Doing nothing is the new doing something

Yesterday was like summer in Manitoba, all the snow was nearly melted and it was warm. Today we got a snowstorm; Oddly, I find it comforting because you are supposed to be inside during a storm. I watch the news every morning to find out about the spread of the COVID-19, and then then turn it to try and immerse myself into a new at home routine.

I’m left wondering, like many, what else is next. What traumas might we encounter next in this fast-changing world. In South-central Manitoba, we are waiting for the COVID-19 wave to hit; it feels like we are the last frontier as the pandemic spreads. We are anticipating the worst but hoping for the best.

Like many people, I have been laid off from my job, and am spending quality time with my husband and dog at home. Many of us remember wishing we had so much time, but this time is different, it long and worrisome, making it hard to concentrate on creative ideas and projects. I am trying to build a new routine and way of life for an unspecified period. We are the lucky ones.

Many people are home sick, feeling helpless, scared and isolated. Others are waiting on news of sick loved ones, while nurses and doctors are fighting a battle that I can’t even imagine. A home care worker on the news said that she would likely suffer from PTSD after this pandemic is over. I wouldn’t doubt it.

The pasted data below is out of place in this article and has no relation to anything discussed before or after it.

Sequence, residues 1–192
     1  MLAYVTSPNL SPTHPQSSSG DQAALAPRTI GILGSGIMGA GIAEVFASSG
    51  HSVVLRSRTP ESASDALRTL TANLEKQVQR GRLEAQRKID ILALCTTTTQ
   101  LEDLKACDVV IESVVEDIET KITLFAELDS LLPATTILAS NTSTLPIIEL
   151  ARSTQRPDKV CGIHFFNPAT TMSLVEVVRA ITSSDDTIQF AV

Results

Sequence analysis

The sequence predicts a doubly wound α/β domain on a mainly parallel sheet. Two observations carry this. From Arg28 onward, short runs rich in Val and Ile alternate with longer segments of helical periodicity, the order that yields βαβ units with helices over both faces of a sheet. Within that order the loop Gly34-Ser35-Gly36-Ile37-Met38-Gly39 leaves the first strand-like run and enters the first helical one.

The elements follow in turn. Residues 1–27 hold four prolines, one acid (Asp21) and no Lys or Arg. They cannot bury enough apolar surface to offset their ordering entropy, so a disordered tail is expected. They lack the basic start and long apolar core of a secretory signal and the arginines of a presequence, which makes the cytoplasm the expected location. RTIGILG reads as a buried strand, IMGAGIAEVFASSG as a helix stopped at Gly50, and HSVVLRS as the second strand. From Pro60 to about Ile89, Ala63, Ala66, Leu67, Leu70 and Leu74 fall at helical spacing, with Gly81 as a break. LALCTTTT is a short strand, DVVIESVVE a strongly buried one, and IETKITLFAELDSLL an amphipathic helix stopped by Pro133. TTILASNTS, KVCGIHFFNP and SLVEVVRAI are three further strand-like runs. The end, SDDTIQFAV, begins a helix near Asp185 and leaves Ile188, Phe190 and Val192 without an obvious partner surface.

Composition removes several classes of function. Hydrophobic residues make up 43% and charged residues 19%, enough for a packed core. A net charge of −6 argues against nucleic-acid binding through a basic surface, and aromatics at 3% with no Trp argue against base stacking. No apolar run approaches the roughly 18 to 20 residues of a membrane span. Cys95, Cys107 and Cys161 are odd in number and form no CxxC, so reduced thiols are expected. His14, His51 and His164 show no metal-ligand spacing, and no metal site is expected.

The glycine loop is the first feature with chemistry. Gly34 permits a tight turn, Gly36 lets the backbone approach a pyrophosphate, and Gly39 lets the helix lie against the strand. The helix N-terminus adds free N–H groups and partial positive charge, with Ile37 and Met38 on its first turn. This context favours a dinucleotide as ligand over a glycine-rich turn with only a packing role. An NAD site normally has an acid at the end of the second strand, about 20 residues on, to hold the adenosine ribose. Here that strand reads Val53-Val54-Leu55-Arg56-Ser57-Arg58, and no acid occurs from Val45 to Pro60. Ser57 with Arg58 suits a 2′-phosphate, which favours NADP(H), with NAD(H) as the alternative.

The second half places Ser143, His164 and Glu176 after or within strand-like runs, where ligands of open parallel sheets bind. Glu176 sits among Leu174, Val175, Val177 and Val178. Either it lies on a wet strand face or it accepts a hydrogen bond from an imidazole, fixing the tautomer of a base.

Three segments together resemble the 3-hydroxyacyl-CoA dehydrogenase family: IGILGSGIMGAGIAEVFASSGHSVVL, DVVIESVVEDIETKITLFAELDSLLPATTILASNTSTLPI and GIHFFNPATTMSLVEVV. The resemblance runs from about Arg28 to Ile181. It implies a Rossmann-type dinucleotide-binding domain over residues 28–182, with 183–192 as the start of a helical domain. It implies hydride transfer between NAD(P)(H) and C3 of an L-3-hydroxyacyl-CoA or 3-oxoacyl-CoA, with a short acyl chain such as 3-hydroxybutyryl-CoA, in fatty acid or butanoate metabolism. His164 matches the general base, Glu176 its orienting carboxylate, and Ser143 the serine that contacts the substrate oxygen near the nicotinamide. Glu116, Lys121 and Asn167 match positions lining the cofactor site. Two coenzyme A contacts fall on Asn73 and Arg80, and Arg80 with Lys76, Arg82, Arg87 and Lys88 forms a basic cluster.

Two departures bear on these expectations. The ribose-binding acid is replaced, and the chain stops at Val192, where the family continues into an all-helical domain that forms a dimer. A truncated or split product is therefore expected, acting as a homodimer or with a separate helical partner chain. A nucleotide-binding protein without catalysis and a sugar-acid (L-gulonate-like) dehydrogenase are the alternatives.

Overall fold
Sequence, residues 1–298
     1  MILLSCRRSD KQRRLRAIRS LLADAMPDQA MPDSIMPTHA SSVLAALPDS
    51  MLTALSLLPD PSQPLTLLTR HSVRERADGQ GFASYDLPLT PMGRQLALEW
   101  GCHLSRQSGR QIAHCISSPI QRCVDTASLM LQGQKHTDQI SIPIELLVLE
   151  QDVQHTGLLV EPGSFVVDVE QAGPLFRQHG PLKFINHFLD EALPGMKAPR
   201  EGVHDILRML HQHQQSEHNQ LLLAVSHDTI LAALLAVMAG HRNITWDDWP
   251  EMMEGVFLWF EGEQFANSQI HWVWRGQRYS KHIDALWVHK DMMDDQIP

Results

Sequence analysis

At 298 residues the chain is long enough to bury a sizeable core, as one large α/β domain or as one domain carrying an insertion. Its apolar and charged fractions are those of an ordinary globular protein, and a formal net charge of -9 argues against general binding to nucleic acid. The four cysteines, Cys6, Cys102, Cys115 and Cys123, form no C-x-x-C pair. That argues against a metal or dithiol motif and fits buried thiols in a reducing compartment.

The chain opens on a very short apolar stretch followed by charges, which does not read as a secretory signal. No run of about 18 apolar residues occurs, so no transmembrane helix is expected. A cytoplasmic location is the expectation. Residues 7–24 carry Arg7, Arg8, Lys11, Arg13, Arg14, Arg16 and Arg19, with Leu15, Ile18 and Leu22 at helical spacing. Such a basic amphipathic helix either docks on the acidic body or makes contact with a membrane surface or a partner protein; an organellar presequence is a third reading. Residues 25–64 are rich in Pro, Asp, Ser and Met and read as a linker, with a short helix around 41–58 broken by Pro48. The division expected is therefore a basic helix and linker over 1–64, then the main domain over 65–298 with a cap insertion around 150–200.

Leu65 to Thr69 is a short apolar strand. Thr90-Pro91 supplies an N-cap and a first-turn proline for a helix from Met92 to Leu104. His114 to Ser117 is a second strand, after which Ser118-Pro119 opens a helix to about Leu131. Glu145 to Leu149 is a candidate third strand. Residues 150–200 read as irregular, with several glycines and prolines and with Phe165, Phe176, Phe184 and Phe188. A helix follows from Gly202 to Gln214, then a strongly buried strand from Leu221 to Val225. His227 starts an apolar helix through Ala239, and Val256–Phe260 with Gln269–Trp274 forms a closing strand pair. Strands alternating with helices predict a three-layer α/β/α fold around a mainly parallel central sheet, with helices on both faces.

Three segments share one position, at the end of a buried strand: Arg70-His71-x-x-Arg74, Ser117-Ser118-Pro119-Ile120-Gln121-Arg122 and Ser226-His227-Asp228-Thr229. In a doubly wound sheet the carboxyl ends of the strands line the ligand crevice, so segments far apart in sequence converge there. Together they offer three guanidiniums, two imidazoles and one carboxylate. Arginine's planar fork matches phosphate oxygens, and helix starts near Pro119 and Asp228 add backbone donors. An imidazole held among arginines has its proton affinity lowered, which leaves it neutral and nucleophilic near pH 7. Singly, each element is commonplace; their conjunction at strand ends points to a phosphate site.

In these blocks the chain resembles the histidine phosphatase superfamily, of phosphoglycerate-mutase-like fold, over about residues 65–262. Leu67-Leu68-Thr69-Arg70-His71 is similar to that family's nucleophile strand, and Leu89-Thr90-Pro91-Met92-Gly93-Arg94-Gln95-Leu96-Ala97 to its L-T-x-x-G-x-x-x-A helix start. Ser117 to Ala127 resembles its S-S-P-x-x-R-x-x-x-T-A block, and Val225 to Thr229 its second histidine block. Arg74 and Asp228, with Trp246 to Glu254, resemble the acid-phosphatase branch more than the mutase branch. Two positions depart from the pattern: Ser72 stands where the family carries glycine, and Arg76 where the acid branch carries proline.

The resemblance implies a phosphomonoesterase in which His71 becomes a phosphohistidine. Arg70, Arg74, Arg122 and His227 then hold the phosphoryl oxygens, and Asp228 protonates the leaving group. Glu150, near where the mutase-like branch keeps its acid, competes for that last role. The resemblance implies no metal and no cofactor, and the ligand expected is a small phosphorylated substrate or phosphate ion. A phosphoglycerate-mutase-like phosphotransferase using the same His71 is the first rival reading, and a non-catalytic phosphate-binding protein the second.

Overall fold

Others are supporting our economy, like Amazon workers, truckers, gas station attendants, postal carriers and grocery store personnel. I remind myself every night to be grateful for them. A friend said she was glad to be at work because she had some normalcy. Front-line workers must feel like they are in a new dimensional reality.

For the rest of us, it is a waiting game. Doing nothing is the new doing something. Proactive people must find it difficult when helping has a different meaning, when best way to help is to stay at home, stay positive, and provide emotional support for your loved ones. This will come naturally to some people, but for others, this must be a big transition. I hope people find the emotional support they need, sometimes unexpected places.

Whatever personal battle you are fighting, I wish you all the best and hope that you find success. Hopefully we will gain jewels of wisdom in each of our experiences. I have already gained a new perspective and anticipate that there will be much more to learn and more battles to fight. Now I must go and dust off my snow shovels and snow boots, a welcome distraction for now.

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